They came to the finish line second to last. The son’s further words decided everything for Dick: “Dad, when I run, I feel healthy.” My father started to study purposefully. While his son was away to study, the man ran daily with a bag of cement placed in a wheelchair. In 1981, they finished in the Boston Marathon for the first time. After 4 years they took part in a triathlon: a 1.6 km swim, a 64 km bike race and a run of almost 33 km.

In the swim, the father towed the boat with his son on a rope attached to his belt. The guy was riding a bicycle on a special seat above the front wheel (later they will adapt a wheelchair trailer). In the race part, Dick was pushing a wheelchair with his son in front of him. Rick himself was also not a blunder: he independently graduated from Boston University and became an employee of the university laboratory, participating in the development of training programs for the disabled.

In 1988, the Hoyts “got close” to the most difficult Ironman World Championship triathlon in Hawaii. Here it was necessary to swim 4 km, ride a bike a little more than 180 km and run 40 km. The organizers of the competition refused to turn them on, reasonably fearing for safety. Judy moved the case from the “dead point”.

She used the connections with senators that she had developed during the campaign for amendments to state laws, and the Hoyt team took part in a prestigious competition, which is considered one of the most difficult tests for a person. While many athletes struggled to reach the finish line themselves, Dick managed to overcome this distance together with his son. In 2003, Dick had a heart attack while preparing for a marathon.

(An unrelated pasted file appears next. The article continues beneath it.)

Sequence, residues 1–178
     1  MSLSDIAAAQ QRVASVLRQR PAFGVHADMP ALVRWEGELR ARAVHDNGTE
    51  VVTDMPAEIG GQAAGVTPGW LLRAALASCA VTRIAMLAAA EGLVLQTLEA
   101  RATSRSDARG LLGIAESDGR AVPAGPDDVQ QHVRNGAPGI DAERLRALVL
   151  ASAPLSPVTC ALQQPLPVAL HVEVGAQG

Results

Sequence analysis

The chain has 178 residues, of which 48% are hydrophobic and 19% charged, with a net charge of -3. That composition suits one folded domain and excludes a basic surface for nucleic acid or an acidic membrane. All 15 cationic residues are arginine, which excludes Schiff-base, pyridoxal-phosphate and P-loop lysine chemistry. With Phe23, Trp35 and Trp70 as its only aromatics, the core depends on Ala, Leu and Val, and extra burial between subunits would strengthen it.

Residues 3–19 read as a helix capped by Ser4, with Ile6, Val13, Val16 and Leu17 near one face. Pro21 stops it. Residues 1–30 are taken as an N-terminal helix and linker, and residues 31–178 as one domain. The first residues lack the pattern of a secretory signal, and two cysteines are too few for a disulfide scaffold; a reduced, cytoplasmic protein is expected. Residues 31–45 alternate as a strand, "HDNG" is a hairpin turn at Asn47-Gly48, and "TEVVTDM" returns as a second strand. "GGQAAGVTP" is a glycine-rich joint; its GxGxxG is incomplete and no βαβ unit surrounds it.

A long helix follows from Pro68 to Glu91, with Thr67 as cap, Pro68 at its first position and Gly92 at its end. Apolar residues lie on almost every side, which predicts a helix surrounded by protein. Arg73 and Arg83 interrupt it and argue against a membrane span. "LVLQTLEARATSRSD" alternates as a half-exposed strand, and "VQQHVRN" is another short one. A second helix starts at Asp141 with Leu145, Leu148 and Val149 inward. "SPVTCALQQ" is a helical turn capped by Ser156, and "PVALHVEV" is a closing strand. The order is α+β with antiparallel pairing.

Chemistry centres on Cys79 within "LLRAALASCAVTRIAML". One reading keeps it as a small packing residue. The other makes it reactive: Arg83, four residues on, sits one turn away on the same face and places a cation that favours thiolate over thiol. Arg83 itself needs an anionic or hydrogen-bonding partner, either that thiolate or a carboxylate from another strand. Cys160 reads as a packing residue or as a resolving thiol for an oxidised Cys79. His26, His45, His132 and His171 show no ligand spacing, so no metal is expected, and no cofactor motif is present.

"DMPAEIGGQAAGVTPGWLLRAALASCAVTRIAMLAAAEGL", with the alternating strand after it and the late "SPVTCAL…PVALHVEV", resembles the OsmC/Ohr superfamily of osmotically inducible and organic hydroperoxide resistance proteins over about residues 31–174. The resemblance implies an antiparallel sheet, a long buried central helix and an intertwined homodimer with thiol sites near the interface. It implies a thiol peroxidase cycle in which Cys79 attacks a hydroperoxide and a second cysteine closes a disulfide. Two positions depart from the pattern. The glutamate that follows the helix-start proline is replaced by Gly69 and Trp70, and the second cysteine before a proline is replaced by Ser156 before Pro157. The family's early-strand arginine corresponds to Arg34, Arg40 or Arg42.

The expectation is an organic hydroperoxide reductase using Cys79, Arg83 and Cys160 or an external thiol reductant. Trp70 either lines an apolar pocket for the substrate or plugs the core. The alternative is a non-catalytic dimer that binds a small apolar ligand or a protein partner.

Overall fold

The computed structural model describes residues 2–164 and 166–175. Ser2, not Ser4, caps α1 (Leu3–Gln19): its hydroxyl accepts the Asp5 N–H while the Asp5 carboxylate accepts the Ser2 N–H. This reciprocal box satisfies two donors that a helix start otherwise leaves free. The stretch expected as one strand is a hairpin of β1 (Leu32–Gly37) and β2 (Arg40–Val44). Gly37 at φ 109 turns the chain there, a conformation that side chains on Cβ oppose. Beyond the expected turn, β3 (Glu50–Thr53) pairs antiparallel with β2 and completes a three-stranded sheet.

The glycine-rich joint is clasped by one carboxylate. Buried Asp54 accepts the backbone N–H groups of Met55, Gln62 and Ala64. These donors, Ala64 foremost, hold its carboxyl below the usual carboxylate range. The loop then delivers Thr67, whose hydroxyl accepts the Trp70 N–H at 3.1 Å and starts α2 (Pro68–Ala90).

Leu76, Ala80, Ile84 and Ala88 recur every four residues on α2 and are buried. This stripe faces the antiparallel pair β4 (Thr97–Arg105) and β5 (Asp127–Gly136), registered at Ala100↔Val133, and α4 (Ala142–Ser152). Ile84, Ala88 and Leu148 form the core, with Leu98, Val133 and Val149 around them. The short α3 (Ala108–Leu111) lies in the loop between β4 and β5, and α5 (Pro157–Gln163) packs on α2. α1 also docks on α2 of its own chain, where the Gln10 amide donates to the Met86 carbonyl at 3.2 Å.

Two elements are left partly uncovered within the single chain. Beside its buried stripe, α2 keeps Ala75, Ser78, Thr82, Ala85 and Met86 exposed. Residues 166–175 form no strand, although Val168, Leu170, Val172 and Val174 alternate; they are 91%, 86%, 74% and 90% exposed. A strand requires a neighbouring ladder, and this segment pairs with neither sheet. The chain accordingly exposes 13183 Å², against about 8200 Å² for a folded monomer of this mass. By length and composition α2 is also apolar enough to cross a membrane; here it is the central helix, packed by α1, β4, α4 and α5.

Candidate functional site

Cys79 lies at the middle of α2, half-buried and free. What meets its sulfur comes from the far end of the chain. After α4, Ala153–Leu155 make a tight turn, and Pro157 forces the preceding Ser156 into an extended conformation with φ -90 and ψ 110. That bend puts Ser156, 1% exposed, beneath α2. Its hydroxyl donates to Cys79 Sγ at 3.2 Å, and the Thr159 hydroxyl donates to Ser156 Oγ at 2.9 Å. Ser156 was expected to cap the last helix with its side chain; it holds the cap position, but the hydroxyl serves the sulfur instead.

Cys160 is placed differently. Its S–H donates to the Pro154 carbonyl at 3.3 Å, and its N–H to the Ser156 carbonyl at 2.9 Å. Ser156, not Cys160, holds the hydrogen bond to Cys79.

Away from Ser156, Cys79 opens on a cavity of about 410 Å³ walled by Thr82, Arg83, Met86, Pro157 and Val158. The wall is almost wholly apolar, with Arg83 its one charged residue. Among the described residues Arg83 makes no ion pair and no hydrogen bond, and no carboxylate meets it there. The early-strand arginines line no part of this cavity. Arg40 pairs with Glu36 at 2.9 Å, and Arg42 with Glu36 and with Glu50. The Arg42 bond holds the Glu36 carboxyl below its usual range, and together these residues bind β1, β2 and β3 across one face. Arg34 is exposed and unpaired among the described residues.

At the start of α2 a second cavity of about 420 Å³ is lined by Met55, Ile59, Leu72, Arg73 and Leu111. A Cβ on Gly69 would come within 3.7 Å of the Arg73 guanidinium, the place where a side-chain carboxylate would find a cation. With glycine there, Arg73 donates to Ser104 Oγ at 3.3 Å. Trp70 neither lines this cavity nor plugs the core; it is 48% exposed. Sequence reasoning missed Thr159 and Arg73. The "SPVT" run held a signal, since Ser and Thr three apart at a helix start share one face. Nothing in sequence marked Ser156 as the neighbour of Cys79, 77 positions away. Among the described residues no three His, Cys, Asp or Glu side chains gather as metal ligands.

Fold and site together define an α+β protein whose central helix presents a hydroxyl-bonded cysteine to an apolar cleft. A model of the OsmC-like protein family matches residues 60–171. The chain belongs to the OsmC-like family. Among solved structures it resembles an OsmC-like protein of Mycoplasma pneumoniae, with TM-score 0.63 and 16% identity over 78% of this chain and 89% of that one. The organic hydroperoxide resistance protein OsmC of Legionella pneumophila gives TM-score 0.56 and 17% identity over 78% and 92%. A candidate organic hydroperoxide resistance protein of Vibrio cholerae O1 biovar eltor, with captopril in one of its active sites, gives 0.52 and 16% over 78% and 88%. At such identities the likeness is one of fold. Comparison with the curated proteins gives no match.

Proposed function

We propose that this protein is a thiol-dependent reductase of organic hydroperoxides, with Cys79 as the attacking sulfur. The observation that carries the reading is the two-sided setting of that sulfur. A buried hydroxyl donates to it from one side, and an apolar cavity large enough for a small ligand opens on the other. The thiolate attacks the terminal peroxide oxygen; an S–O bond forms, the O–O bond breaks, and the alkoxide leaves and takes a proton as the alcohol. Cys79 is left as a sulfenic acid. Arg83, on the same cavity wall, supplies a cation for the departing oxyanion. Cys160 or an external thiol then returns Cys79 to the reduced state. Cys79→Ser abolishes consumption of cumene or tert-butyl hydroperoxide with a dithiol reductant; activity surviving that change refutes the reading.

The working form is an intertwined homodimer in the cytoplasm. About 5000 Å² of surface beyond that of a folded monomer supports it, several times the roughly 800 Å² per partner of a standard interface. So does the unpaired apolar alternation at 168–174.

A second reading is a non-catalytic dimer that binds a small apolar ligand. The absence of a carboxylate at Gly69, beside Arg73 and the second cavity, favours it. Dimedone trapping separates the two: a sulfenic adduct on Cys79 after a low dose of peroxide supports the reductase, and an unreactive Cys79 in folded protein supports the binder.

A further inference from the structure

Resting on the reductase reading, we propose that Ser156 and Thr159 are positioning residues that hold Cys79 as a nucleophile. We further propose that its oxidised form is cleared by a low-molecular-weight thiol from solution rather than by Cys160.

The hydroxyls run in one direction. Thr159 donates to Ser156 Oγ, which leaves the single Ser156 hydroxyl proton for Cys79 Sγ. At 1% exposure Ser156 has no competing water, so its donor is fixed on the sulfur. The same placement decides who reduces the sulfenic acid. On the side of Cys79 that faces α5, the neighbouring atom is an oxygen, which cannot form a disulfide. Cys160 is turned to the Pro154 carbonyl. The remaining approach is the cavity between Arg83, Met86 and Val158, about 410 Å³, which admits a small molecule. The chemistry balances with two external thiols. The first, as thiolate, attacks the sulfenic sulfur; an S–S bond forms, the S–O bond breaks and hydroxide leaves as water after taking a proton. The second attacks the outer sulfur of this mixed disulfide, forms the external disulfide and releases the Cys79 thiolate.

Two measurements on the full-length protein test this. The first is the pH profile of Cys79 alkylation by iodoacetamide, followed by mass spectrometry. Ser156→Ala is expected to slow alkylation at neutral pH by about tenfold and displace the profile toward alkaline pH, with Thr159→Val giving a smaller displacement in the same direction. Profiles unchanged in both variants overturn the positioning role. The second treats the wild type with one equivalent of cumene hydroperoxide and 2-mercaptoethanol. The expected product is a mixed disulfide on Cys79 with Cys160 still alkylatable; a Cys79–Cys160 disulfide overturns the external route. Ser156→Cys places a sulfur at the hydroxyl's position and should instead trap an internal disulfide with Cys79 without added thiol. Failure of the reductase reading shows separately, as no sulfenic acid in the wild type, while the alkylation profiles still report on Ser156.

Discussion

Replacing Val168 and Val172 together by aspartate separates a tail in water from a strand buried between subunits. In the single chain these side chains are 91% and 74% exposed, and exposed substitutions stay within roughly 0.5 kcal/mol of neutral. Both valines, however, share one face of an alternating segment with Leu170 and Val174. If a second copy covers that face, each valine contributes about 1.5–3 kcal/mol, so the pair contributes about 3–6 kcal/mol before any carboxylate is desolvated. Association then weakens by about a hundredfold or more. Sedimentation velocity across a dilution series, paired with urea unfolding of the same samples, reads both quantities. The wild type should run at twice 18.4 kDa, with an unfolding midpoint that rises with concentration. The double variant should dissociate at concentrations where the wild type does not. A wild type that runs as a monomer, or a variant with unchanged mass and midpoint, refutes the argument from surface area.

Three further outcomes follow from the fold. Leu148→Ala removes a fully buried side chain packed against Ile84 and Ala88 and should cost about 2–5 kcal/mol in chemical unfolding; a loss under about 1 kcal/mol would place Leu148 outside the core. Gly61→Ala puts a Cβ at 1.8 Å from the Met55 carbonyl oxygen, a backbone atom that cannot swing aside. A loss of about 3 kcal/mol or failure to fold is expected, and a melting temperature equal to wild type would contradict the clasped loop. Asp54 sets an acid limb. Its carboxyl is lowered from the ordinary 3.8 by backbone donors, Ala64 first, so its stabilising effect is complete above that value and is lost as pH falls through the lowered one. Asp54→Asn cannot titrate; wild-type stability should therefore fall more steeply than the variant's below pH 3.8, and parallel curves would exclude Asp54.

It came to stenting. After being discharged from the hospital, the attending physician frankly told the man that if not for increased physical exertion, Dick could have had a cardiac arrest 15 years ago. Together with their son, they joked that the “vegetable” turned out to be healthy. By March 2016, the Hoyts had more than 1,100 races in their sports assets. Among them are 72 marathons, 6 full Ironman triathlons.

A special story was the 1992 race, when a father and son traveled more than 6 thousand km across the United States in 45 days, combining cycling and running. On April 8, 2013, a bronze statue depicting a father running with his son was erected near the start of the Boston Marathon in honor of the Hoyt team. That year they did not manage to run the marathon, because the terrorists set off explosive devices at the finish line. Fortunately, they were still far enough away.

They finished their last marathon on April 21 of the following year. 73-year-old Dick Hoyt entered the race with a sore back. His still paralyzed son was already 52 years old. The team has many awards, and their names are immortalized in the USA Triathlon Hall of Fame. One day Rick was asked what he would like to give his father if he could give him something.

Rick said that he would most like his father to sit in a chair, and he had the opportunity to push him forward. Their story is an example of boundless fatherly love and dedication. A story about how we can properly guide the lives of our children and make them happy even in the most difficult life circumstances.